“We have to take out all these value judgements – cars are bad, capitalism is bad. We don’t have to convert everyone, people don’t have to change their whole job or their life, just enough to help rather than hinder.”
As one of Transition’s means to get people involved, issuing local currency ticks many boxes: it gives prominence to local businesses and producers, encourages consumers to spend locally, and forges closer links among the community. As it cannot be banked and is worthless outside the area, such currency re-circulates within the local economy instead of leeching into the pockets of large companies’ shareholders or City finance institutions.
While the Brixton and Stroud schemes join others in Lewes, Totnes and the Eko, used in the Scottish ecovillage of Findhorn, these are not cutting edge pioneers. Alternative currencies have existed for centuries: set up in 1934, the 65,000 members of the Swiss wir scheme trade the equivalent of 1.6bn Swiss Francs annually, the town of Berkshire, Massachusetts has issued $1.5m of Berkshares in only a few years, and the Lewes Pound itself existed once before between 1789 and 1895.
While not met with universal enthusiasm (“Monopoly money”, was one Brixton market trader’s dismissive response), 100 businesses signed up to the Brixton Pound including cafés, market traders and restaurants, a department store, shoe shop, record shop, caterer, bars and pubs, an off licence, computer shop, estate agent, builders, plumbers, a solicitor and a bellydancer.
Josh Ryan-Collins, co-founder of the Brixton group, said that the haulier’s petrol strike in 2000, with supermarkets only days from food shortages, showed the dangers of an oil crisis. Local currency taught “the democratisation of money”, he said. “It gets people thinking about how money can have an effect. It de-mystifies money and shows how it’s not just a neutral tool for exchange, but that it can also embody the values you give to it.”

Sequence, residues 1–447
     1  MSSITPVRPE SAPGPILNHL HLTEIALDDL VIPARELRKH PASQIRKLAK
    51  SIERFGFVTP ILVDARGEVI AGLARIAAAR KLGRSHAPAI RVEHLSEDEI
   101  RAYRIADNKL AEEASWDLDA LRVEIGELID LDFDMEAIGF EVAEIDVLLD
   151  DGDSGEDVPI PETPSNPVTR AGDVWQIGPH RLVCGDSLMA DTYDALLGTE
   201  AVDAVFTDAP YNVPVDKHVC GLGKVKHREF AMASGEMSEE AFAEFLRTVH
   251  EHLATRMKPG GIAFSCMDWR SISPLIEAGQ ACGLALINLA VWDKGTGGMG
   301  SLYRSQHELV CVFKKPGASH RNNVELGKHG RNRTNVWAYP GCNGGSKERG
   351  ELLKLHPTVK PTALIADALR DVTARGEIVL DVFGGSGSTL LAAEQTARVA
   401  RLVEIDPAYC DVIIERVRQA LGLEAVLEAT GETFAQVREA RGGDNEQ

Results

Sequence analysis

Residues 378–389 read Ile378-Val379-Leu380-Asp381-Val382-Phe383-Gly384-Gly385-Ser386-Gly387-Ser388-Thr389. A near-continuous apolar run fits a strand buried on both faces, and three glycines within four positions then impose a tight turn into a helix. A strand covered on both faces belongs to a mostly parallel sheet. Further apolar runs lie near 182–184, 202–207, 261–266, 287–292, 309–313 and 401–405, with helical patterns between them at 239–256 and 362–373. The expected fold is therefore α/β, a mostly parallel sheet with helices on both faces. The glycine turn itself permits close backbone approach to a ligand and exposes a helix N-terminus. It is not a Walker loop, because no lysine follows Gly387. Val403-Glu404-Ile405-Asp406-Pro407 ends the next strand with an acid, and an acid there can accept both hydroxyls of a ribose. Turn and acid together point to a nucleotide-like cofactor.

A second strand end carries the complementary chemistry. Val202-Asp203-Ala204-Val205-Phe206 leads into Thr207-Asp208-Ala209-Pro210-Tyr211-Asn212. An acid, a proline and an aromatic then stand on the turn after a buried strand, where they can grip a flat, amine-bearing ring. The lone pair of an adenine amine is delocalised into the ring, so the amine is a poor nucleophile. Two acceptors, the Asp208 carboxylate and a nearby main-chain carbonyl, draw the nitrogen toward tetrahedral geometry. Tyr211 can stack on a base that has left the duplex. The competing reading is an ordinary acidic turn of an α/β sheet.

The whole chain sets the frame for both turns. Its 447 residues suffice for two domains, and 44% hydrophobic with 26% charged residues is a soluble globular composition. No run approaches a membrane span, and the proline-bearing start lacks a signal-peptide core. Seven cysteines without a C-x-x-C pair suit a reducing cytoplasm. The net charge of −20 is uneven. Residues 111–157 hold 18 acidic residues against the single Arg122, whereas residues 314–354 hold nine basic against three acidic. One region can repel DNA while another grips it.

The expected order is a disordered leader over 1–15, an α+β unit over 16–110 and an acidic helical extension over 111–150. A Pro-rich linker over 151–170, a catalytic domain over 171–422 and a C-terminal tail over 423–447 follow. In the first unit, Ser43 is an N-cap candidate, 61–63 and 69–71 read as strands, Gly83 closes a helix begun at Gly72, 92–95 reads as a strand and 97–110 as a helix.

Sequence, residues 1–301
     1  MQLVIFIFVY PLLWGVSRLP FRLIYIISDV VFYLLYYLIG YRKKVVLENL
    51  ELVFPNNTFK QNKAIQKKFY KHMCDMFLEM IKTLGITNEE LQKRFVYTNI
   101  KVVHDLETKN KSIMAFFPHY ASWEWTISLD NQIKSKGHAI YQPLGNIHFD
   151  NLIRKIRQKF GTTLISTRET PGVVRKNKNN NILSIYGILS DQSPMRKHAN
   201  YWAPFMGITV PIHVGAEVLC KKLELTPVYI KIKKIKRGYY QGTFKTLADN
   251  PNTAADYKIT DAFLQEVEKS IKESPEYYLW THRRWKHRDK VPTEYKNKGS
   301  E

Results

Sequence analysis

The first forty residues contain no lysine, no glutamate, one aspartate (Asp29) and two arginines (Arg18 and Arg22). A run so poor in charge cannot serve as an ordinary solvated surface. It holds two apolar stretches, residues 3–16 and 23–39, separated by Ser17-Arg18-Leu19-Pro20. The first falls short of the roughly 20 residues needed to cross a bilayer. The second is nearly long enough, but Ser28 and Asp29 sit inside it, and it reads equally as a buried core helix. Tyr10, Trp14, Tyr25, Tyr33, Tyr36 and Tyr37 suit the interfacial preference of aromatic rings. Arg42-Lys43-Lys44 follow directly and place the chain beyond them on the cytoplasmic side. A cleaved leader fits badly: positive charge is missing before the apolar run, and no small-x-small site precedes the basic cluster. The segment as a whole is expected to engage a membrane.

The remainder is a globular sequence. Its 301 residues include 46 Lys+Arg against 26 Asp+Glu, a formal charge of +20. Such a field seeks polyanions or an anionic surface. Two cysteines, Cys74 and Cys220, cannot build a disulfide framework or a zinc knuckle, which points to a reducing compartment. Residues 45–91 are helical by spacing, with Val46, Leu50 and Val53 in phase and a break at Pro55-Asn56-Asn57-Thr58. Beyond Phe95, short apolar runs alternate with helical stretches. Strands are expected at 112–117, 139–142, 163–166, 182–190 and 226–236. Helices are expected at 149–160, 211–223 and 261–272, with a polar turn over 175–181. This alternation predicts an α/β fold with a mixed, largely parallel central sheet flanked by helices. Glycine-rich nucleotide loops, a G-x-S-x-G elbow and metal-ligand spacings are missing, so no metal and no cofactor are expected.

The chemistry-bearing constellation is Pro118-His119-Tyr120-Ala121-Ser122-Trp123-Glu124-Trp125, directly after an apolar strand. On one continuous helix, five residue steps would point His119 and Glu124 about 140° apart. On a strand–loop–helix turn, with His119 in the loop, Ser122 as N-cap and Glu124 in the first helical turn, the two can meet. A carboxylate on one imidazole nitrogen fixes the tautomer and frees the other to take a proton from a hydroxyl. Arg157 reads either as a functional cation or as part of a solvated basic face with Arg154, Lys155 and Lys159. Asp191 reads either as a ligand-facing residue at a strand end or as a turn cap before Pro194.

He added: “And it’s fun – I’ve met hundreds of interesting new people. It’s changed the way I think about Brixton.”
Patrick Crawford, from the Lewes Pound, said at launch last year the group hoped for 30 businesses and around 100 shoppers using the currency, but now has signed up more than 150 businesses and 40,000 notes in circulation. “Some traders offer discount as an incentive, but I feel a sense of pride and independence using it,” Crawford said. “I enjoy using it because I can.”
What stood out, Crawford said, was how members of the group had come together under the Transition banner to start the ball rolling, without government or council involvement. “For example, Lewes had an energy discussion group, out of which we spun-off an energy company employing people to do insulation and glazing and carrying out work with grants on behalf of the council. The groups are filled with people actually interested in doing things, which is how thing’s get done. It’s very grass roots.”
The Lewes Pound notes bear the image of libertarian and reformer Thomas Paine, who lived in the Sussex town between 1768-74. Beneath are his words, as resonant then in the time of revolutions as they are now: “We have it in our power to begin the world anew”.
[This article was originally published in The Big Issue, October 2009]